Where’s it on? Cinemas nationwide
The gap between social media and real life, and the dangers of navigating it, is the framework for this very human, carefully told Egyptian feature. Moving between the Nile Delta city of Zagazig and coastal Alexandria, it revolves around 19-year-old Souad (Bassant Ahmed) and her 16-year-old sister Rabab (Basmala Elghaiesh), both the product of a religiously conservative family background but with their heads turned by the world of boys, fashion and Facebook. From the moment we meet her, it’s clear that Souad’s life is one of constantly recalibrating the way she presents herself. Ayten Amin’s resonant drama will steer a tragic course through the pressures and perils facing teenagers in a society that’s hyper-connected but still bound by tradition.
Deep Cover (1992)
Where’s it on? Blu-ray
Among the great crime films of the 1990s, Deep Cover found director Bill Duke building on the noirish trappings of A Rage in Harlem (1991) to arrive at a properly murky story about narcotics and law enforcement. Laurence Fishburne is the cop going undercover to infiltrate a West Coast drug cartel, with Jeff Goldblum on reptilian form as the kingpin. Although that very 90s-thriller title suggests you’re in for something compulsively watchable but run of the mill, only the first of those turns out to be true. Full of interesting choices, Duke’s innovative direction creates a remarkable mood of danger and paranoia, out of which emerge all kinds of provocative suggestions about the war on drugs.
The River (1951)
Where’s it on? Blu-ray
Four years after Powell and Pressburger’s Black Narcissus (1947), which the author hated, a Rumer Godden novel also formed the basis of this first colour film by Jean Renoir. Although likewise set in colonial India, the tone could scarcely be more different. Where Black Narcissus is intense and neurotic, The River flows with serene warmth and wisdom as it charts the life of an English family living by the Ganges. Rivers had been a recurring focus for Renoir since classics of the 1930s such as Boudu Saved from Drowning (1932) and Partie de campagne (1936) – they’re an essential metaphor for his view of life forever moving on. The River is something like Meet Me in St. Louis (1944) in its melancholy study of young sisters resisting such change. It’s one of Renoir’s finest.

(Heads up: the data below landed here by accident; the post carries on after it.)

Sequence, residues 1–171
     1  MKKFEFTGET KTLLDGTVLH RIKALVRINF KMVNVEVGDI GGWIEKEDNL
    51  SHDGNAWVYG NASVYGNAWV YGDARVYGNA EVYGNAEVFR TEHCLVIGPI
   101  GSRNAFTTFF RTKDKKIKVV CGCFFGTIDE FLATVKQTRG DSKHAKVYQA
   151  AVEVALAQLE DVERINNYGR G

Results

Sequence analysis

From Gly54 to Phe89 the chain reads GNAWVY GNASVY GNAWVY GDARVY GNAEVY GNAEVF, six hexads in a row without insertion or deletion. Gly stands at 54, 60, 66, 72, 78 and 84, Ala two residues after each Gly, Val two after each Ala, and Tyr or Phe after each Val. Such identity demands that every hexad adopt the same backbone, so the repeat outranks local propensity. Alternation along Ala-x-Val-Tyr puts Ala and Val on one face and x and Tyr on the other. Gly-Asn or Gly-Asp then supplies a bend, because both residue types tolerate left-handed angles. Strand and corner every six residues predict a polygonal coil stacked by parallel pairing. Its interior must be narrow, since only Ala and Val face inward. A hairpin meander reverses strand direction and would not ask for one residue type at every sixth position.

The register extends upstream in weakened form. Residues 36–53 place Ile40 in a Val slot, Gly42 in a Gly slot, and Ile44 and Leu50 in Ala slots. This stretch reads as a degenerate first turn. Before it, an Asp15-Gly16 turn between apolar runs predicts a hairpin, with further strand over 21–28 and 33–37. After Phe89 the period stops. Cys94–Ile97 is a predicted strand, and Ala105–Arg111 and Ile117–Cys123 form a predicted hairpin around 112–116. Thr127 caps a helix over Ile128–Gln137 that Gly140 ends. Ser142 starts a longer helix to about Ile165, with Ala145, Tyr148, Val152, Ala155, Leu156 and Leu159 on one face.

Only You (2018)
Where’s it on? BBC2, Friday, 11.05pm
With Harry Wootliff’s second feature, an adaptation of Deborah Kay Davies’ novel True Things About Me, about to get its world premiere at Venice, here’s a chance to catch up with her debut. Only You is a bruisingly immediate relationship drama featuring Laia Costa and Josh O’Connor as a young couple with a decade age gap who meet on New Year’s Eve and fall in love. When they later struggle to conceive a child, their bond is put through an emotional wringer – with Wootliff following the fallout without either taking sides or pushing manipulative buttons. It’s tender, raw and full of humane insight.
Raging Bull (1980)
Where’s it on? Film4, Sunday, 11.20pm
Showered with accolades since its release in 1980, Raging Bull has, maybe just a little, ceded some ground to Taxi Driver (1976) and GoodFellas (1990) as the most venerated of Martin Scorsese’s several masterpieces. Or perhaps that’s tilting at windmills. More than 40 years on, this boxing biopic still looks like a champ: a monochrome marvel with one foot in Italian neorealism, the other in John Cassavetes’ scalding domestic dramas, and scored to the mournful intermezzo from Mascagni’s Cavalleria rusticana. The cast assembled many of Marty’s nearest and dearest – Robert De Niro, Joe Pesci, his dad Charles – and look out for John Turturro making his uncredited screen debut as ‘man at table’.